RELIGION: Pope Francis compares damage caused by Covid-19 and climate crisis to damage from global conflict

Dear Reader,

This week I want to start with a question: do you know what your parish and diocese are doing to address the Pope’s call to synodality? Please email me if you have time, with any details you would like to share, or concerns that you believe the synodal process should be addressing. The Tablet is currently working on a series of webinars to address this subject. In my own parish, in the Archdiocese of Southwark, we have a webinar coming up next week. We have also been invited to join one of three parish groups to pray and talk about the issues we believe need discussing, and will give feedback accordingly. Here at The Tablet we would like to create a resource page for any and all to access, rather as we did with the pandemic. A number of us have been searching for a while for such a resource, without success, so prompted by Clifford Longley, along with other staff members, we have decided to create one of our own, in the hope that it is useful to many. This is just the start and we have a good amount of time ahead of us. But we will need your help. 

Pope Francis and US President Joe Biden – calling for climate justice.

1. In his message to COP26, delivered by the leader of the Vatican delegation Cardinal Parolin yesterday, Pope Francis compared the damage caused by Covid-19 and the climate crisis to the damage that results from global conflict. Earlier, Parolin said: “It is the Holy See’s hope that COP26 will reaffirm the centrality of multilateralism and of action, also with regard to the so-called non-state actors.” By Sebastian Milbank. Ellen Teague is there, and is reporting on activism and other issues, such as the pilgrims walking to the summit who have converged on central Glasgow, calling for climate justice for the Global South. Cardinal Nichols has warned Boris Johnson of the “devastating consequences” of climate change for the poor. Pope Francis is not at COP26, but met US President Joe Biden in Rome, where Christopher Lamb reports on the outcome, perceived as a rebuke to those who want to deny Biden communion. Chris also analysed the Pope’s diplomatic push ahead of the summit. Meanwhile, Benedict Rogers believes Biden needs to talk to the Pope about China. And in the print edition, Peter Stanford talks to Pawel Kisielewski. “The fact that leaders of governments from all over the world are coming together in Glasgow over the next two weeks to look for solutions is an encouraging sign that humanity is beginning to understand the moral responsibilities involved,” says The Tablet in our leader this week.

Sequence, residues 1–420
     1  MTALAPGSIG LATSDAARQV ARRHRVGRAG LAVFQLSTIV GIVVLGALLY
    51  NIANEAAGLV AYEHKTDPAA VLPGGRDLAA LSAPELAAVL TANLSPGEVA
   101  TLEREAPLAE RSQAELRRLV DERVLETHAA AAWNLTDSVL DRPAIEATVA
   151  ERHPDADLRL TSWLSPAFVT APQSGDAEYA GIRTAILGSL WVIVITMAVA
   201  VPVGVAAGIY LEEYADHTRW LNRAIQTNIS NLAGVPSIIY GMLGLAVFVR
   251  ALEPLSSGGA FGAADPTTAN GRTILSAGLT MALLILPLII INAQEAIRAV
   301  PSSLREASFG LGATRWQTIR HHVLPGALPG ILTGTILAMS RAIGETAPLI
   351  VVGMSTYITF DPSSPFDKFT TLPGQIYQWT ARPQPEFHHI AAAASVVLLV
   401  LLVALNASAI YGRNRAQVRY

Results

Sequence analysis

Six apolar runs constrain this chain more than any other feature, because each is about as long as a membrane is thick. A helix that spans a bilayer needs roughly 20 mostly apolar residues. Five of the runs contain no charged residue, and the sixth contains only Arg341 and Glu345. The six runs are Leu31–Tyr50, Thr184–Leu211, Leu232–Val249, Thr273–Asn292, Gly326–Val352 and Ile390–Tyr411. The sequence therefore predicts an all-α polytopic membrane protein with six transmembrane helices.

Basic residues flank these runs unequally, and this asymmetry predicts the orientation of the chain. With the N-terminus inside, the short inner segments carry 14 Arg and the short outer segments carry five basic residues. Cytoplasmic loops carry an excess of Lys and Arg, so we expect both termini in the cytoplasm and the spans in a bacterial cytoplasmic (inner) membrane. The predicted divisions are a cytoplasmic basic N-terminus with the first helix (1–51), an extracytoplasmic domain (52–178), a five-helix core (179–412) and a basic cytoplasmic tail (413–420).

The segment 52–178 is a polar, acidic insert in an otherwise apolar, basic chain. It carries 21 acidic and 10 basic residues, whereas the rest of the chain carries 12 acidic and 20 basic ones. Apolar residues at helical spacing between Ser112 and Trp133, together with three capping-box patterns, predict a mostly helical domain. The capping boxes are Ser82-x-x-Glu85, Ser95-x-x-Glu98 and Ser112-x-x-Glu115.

2. The German bishops’ conference has rejected the addition of a “gender star” after the word God, which would have seen it rendered as God*, as suggested by a German Catholic youth organisation. Christa Pongratz-Lippitt reports. 

3. The De La Salle Order has issued an apology for sex abuse of children by members of the order, following a series of allegations and the suspension of its current provincial after he was accused of historic abuse. By Catherine Pepinster. Twelve bishops in Mexico are being investigated for covering up the abuse of minors and vulnerable adults, reports Madoc Cairns.

4. The former Anglican Bishop of Rochester, Dr Michael Nazir-Ali, has been ordained as a Catholic priest by Cardinal Vincent Nichols, in a ceremony described by the cardinal as a “moment of great joy”. Madoc Cairns reports.  

5. Several US dioceses have started down the synodal pathway inaugurated by Pope Francis earlier this month, although with differing emphases and vigour depending on the diocese. Michael Sean Winters reports that the US listening process is off to a patchy start. 

6. The latest budget drew a mixed response from Catholic and other Christian groups, as new spending commitments failed to fill the gap left by the withdrawal of pandemic-era measures. By Madoc Cairns. Clifford Longley asks whether the mask of Thatcherism has finally fallen.

7. The Pope has agreed to visit Canada on “a pilgrimage of healing and reconciliation”, in the latest response to the residential schools scandal by Church leaders. Madoc Cairns reports.

8. Br Johannes Maertens, a missionary monk of the Community of the Good Shepherd, writes about a hunger strike by activists calling for a halt to the evictions of the Calais migrant camps. Returning to Calais, where he worked in the camps for four years, he witnessed the increasing devastation wrought by these evictions.

9. “Here lies Fays, Régine killed on December 3, 1956 by the parish priest G – D at the age of 19 years.” This is the inscription on the grave of nineteen year old Régine Fays, killed in France in the middle of the last century, a young mother who bore a priest’s child. Vincent Doyle looks back at the brutal murder of a mother and baby.

10. To the ancients, both Christian and pagan, the word “happiness” meant something quite different from its current colloquial connotation. Fr Alban McCoy OFM Conv on happiness and saintliness – the unconventional lives of our early saints.

Ruth Gledhill

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